More Information About Experimental Lower Mississippi 28-day Forecast Plots
The experimental 28-day forecast plots for the Lower Ohio and Lower Mississippi Rivers show two forecasts 28 days into the future using two different sources of future rainfall. The official river forecast uses the official 2-day forecast rainfall product which is produced by human forecasters. The second river forecast uses 16 days of forecast rainfall directly from a computer model called the North American Ensemble Forecast System (NAEFS). Along with the forecasts, a shaded area is also shown which indicates uncertainty for the forecast each day in the future.
The Shaded Uncertainty Area
The shaded area represents the probable future river stage based upon the present forecast and the past forecast skill. The shaded areas capture 2/3 of the past forecast errors, centered on the median error. Period of record used to calculate forecast uncertainty was October 2013 through February 2017, with an expected update cycle of yearly in October. This uncertainty range was selected to closely match the precedent set by the National Hurricane Center in conveying forecast uncertainty.
Uncertainty in Mississippi River Forecasts
For many types of forecasts, as lead times increase, forecast uncertainty also increases. For example, the error in a forecast made 2 days in advance is very likely to be less than the error in a forecast made more than a week in advance. This is also true for forecasts on the Lower Mississippi and Ohio Rivers. For longer range forecasts (such as those issued out to 28 days into the future), a good portion of the error is due to forecast rainfall. Because the Lower Mississippi River watershed is so large, it is likely that rainfall will fall somewhere within the basin over periods of a few weeks or more. Official forecasts, however, use only 2-days of future rainfall. This means that after any rainfall in that 2 day period has taken effect, the river will start to fall, and continue to fall, through the remainder of the 28-day period. In 2014, LMRFC began issuing an experimental forecast product for selected locations on the Mississippi River using 16-days of forecast rainfall.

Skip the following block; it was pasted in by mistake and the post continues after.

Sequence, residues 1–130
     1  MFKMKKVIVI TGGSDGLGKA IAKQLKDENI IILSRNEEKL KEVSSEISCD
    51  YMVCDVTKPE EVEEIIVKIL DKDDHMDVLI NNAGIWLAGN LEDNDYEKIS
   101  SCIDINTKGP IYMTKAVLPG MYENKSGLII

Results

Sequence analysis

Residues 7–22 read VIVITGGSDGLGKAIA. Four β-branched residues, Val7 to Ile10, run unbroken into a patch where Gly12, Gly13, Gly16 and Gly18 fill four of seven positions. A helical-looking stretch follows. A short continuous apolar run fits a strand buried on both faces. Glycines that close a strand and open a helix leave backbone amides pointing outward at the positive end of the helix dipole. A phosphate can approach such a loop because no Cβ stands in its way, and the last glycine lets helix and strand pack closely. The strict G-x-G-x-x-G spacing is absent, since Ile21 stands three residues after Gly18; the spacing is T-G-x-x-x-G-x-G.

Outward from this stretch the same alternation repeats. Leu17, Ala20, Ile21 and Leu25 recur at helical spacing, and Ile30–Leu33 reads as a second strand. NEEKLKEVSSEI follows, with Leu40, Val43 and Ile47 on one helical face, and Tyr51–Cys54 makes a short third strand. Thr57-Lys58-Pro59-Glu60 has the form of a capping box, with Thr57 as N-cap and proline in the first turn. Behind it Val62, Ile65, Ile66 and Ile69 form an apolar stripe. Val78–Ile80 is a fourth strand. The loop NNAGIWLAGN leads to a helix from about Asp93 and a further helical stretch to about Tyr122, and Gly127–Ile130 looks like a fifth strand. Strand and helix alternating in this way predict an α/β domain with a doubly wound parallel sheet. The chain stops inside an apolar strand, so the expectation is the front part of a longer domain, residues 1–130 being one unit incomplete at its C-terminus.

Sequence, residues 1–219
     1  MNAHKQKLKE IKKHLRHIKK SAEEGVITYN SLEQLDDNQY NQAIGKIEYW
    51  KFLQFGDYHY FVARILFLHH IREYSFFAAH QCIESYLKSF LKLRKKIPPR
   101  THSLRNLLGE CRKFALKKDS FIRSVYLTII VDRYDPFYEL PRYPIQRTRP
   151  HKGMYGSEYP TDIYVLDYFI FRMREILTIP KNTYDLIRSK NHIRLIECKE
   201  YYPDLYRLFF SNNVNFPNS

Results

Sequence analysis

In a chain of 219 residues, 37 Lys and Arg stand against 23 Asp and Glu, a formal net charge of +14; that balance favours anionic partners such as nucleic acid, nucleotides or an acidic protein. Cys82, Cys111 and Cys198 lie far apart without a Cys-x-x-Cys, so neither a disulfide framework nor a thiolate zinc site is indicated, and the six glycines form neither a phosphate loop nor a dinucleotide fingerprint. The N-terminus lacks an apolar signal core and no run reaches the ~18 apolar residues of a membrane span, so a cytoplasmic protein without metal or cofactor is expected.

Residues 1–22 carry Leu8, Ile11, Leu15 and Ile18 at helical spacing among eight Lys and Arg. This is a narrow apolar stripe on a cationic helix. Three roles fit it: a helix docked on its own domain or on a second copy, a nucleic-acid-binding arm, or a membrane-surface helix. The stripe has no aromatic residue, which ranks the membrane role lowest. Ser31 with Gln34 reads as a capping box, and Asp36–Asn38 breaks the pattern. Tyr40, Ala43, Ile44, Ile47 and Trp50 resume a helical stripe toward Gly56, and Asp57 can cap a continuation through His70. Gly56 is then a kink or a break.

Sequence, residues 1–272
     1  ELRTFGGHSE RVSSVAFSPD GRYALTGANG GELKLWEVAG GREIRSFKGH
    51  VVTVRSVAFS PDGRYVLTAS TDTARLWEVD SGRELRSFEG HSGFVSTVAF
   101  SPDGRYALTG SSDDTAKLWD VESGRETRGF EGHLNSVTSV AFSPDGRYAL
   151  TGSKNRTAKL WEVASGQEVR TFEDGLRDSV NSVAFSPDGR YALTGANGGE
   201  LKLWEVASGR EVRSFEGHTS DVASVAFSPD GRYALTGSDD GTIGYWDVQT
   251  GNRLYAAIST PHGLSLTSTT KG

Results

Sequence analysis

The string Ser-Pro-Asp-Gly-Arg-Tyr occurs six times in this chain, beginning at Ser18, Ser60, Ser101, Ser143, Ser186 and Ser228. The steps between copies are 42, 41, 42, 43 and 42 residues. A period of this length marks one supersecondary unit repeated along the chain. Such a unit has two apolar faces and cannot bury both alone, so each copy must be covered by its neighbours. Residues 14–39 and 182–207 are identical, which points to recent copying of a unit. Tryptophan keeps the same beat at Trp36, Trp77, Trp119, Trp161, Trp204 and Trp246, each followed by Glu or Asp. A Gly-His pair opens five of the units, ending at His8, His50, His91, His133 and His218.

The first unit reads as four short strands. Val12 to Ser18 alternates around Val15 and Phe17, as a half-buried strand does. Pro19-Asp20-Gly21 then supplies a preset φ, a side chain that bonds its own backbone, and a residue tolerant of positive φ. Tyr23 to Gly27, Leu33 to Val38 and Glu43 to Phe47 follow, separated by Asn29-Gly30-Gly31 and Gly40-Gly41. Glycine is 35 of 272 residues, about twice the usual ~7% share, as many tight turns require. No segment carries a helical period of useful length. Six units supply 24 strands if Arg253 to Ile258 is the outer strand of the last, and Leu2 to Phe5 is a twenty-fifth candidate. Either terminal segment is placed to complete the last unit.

During fall 2015, LMRFC hydrologists began analyzing both 28-day forecasts using the different future rainfall sources to compare performance at different lead times. The results of this study were compiled in 2016. For most river locations that were studied, the experimental 16-day future rainfall forecast had lower average error at lead times of more than 1 week when compared to the forecasts using only 2 days of future rainfall. During fall of 2016, LMRFC hydrologists analyzed both 28-day forecasts to determine the error percentiles for each forecast day (lead time). The 16.67 and 83.33 percentile values for error were used (because 66.67%, or 2/3, of error values are in between) to create the shaded uncertainty area.